#MillionManMarch 20th Anniversary #JusticeorElse

Yesterday on 10/10/15, was the commemoration of the first Million Man March which occurred on October 16, 1995. The march was started by Nation of Islam minister, Louis Farrakhan and was a call to gather Black/African American men (and women) for Black unity and a cause to challenge the systematic murders of Black citizens by the police state.

Unfortunately due to my school schedule and funny money (haha), I did not get a chance to attend this positive event, but I heard nothing but good news about it. 

In the National Mall in the nation's capital, thousands of men and women gathered to hear Minister Farrakhan speak about the power of the youth and importance of passing the leadership torch to the next generation. Other speakers, celebrities, and prominent leaders and public figures of the Black community attended in plans of unifying and seeking social justice. 

While the vibrations seemed high and the energy was positive in Washington, D.C., of course on social media there were criticisms and negative commentary of the event. Of course the racists came out to troll online, but there were also many complaints that the march was not going to "solve anything". Others also stated that Minister Farrakhan had fooled and tricked the Black community and given them false hope with no solutions. 

The irony of those statements is that many of the people with the criticism and negative commentary have no tangible solutions, programs, and/or do no community based work of their own. While I have no problem with people having their own opinion, I do feel that if you are going to tell people what they should not be doing, what doesn't work for the Black community, you should make it your duty to have alternatives on hand and ready to be worked on. People cannot continue to tell people what they're not doing right while sitting from the comfort of their home scrutinizing and critiquing everything. Join in, create your own project, but if you are not doing either, your opinion holds no weight or value.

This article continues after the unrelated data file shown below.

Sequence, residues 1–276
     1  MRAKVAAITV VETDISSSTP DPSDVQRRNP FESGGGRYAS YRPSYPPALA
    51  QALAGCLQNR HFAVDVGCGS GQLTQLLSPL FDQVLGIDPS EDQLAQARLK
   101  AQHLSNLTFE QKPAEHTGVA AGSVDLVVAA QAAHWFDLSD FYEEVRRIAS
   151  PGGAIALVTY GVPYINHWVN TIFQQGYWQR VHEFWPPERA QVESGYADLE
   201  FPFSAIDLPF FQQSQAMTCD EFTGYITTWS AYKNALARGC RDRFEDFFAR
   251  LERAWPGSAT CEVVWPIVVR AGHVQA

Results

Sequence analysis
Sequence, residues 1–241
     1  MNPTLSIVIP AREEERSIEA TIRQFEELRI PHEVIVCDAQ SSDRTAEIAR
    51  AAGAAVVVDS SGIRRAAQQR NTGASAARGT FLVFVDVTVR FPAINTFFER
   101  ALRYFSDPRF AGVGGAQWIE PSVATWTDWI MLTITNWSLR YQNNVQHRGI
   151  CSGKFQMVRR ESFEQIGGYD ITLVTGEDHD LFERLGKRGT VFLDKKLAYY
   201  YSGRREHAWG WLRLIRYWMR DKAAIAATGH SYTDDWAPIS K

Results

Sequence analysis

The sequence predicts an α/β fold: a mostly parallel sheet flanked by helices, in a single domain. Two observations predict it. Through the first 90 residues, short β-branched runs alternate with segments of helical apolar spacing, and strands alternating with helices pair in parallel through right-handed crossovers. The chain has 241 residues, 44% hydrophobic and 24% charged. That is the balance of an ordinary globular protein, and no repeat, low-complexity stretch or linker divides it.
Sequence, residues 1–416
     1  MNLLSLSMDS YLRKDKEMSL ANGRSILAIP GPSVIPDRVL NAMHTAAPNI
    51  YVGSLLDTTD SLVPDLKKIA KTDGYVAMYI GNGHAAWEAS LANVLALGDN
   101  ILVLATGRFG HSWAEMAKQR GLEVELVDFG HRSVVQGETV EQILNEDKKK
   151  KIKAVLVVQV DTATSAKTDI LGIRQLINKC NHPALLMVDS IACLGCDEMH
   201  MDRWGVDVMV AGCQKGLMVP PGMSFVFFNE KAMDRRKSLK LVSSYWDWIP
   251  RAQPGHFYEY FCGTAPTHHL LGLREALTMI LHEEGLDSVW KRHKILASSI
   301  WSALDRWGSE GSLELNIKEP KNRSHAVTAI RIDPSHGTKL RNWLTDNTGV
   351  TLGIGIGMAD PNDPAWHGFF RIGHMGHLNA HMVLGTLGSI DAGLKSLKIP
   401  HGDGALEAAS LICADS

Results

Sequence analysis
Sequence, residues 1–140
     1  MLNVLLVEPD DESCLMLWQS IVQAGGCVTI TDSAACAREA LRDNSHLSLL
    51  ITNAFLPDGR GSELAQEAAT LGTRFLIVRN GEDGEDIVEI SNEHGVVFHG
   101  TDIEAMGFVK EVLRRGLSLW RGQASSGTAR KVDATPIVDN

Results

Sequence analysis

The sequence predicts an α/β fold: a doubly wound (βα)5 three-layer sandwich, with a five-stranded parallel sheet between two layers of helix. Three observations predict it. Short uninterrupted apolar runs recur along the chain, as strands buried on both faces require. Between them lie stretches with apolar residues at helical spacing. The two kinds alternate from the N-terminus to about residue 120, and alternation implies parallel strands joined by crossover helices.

No one ever stated that the MMM was the "end all, be all" to the problems Black people face in this country (or globally). This was specifically an event that promoted unity, brought people together to unify, build, network and find solutions to the problems. Ironically, the naysayers also failed to mention and acknowledge the many events, workshops, and other programs that were occurring in commemoration of the event. The participants of the MMM weren't just marching. 

It was very powerful to see such a positive event take place this weekend even though I was not in attendance. Even if this rally inspired and woke up one individual who was "asleep", change has been made, especially for future generations. 



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